Elegies for New York Avenue


In stock

poems by

Melanie Henderson

Poetry book, 96 pages, $14 cover price

ISBN: 978-1-59948-330-6

Released: 2011

WINNER of the 2011 Main Street Rag Poetry Book Award






Melanie Henderson

Melanie Henderson was born, raised and lives in Washington, DC. She is an alumnus of Howard (’04) and Trinity (’07) Universities. Prior to earning an MFA in Creative Writing from Lesley University in Cambridge, MA, she studied poetry at the Voices Summer Writing Workshops (VONA) in San Francisco, CA. Her paintings, photography and poems have appeared in Drumvoices Revue, Fingernails across the Chalkboard: Poetry and Prose on HIV/AIDS from the Black Diaspora, jubilat, and Southern Women’s Review among others. She was selected as a featured reader for the 2009 Joaquin Miller Cabin Poetry Series and as a recipient of the Larry Neal Writers’ Award (DC Commission on the Arts and Humanities). She is the Managing Editor of Tidal Basin Review and the mother of a charming little boy.

Delicious in their sheer sonic energy, the poems in Elegies for New York Avenue take us on a headlong, heady rush through story and memory, portrait and lyric, lament and celebration, every line sounding the way for another, linking again and again to a surprising intimacy and reality. The mosaic of neighborhood and family that Henderson creates is spellbinding. Each piece, each person, each emotion is emblazoned in these poems by precise words and honored by an attention both tender and fierce. These poems throw off sparks. Catch them!

–Joan Houlihan

Melanie Henderson’s verse in Elegies for New York Avenue is the blessed sound of the street and stoops of Washington D.C., the lives of the special people on the porches and parlors, the unseen, but the people who are the world, and are the city that is loved so well here. Her first collection of word is more than a triumph; it is one long magical song that showcases a poet with a big heart and an even bigger literary vision that heals and holds up together.

–Brian Gilmore


In her debut collection, Elegies for New York Avenue, Melanie Henderson carves out a totem of love and loss from the mercurial landscape of memory. Her elegies are lamentations for the living—childhood friends that no longer haunt the avenue, a brother mixing beats with Go-Go and hip hop heat, altars for aunties and cousins, portraits of a father slipped into the shadow of a gun and the promise of a son—that tease and trace history, worrying the present’s past in lyrical, lilting, pristine poetry. Henderson does for DC what Bearden did for Harlem. In her verse, she collages in a lost world of Black pride, struggle and integrity into a precarious present palpable as hope.

—Tony Medina



To begin at the beginning
& we are not from this place
We know the snow
doesn’t fall in January,
the gum of July doesn’t stick to the blood in our skin

& we are not from this place
We know the rows of dependent houses
liberated by separating hues of a president,
my alarm clock’s muteness, temporary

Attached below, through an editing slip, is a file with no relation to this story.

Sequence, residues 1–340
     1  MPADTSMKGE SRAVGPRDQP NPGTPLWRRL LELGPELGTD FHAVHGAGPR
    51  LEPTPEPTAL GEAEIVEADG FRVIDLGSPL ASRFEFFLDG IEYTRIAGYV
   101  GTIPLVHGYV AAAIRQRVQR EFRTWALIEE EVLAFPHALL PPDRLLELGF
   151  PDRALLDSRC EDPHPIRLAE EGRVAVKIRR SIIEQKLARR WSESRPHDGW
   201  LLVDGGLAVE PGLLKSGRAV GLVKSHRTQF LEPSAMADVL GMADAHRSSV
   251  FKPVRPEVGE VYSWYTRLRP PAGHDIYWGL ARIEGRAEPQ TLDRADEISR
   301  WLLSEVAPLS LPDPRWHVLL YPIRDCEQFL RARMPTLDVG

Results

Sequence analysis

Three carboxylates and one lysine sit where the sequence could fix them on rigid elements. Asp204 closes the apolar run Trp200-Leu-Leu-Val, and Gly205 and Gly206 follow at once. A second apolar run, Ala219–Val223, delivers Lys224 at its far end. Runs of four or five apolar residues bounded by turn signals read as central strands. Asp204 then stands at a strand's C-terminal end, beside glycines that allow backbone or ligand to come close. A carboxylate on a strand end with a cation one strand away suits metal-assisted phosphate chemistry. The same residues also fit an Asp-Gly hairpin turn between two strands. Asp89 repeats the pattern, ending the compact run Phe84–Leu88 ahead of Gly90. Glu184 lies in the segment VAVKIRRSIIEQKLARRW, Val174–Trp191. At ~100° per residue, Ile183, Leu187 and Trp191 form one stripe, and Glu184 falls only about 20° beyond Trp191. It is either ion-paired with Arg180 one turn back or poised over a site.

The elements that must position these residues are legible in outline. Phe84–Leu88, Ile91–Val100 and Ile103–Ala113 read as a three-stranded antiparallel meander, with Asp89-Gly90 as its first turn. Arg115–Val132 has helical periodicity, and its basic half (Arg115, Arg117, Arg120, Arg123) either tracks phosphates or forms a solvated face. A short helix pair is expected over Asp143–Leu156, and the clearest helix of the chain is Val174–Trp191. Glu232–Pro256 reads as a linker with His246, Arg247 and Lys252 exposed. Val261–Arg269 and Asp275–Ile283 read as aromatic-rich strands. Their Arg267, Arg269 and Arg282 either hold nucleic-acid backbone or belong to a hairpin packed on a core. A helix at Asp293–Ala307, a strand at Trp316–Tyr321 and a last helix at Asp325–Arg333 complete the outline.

it’s arteries, a blazing blue; it’s 7:59

& we are not from this place
We know how to begin at the beginning
when a high school is just a high school
& our rhythm is not smart
and we are not from this place

We know the vacant eyes of our streets,
pots in the pavement sing
from this place we are from–

We know.


47 years after the March on Washington

Rally feet swell in August’s decline,
yellow shirts, flags, erect colony cobras
blur in the bloody sway of blue water
and clouds, locks, naps, low cuts
and clean-parted braids cut through
a sea of impassioned cowboy hats.

Chests pulse in the presence of children
reared in fearful slogans, clad in Arizona shirts,
founding fathers digitized in Shepherd Fairey
hope, revisited as fear to cause a great divide.
There are many American families, hardly
any smiles, even less courtesy, the monument’s
cement base shows cracks about the seams,
a circle disfigured like a beaten black body.

Thunder comes in from the left, Independence Avenue
thumps under black soles, we merge at the corner,
hold hands under a flag, earth, skin, blood,
There are American families, hardly
any frowns, even less fear, a corridor of hope
in line, in solidarity, reclaiming the dream.



prepare the silver tool,
five slim, hard inches in hand,
your clay woman face skewed
upright in the incomplete mirror
of the surface sanded smooth;

find the durable, old leather belt,
been kin to your backside since
your breasts were little girl still,
its dirt-deep color made deeper
with your blood, your female bid;

stroke the dull edge of silver
along the cow’s hairless hide,
its skin will be near white
when the sharp is ready
for cutting away a burden–
the white will return to health
with a rub of flaxseed oil–
this is called survival;

process toward mister
with the promise of his crown,
afterlife strong, and prayed over,
surely, the hand of your sister
will arrive to let loose the grip
of the silver tool, show you
the worth of ceremony.



They never married. L Street
grass rose slow as summer days
at Emmett’s & Eleanor’s feet.

Little Everett stood straight,
attention three-feet tall as if
practicing for his black & white
military portrait decades later.

Emmett, Jr. is baby bright-eyed
watching the cameraman
like a target from the shores
of his Navy ship.

Dressed like Black Rockwell’s,
not one of them smiles under
the shadowy brim of the father,
the husband, a sharp fine suit.

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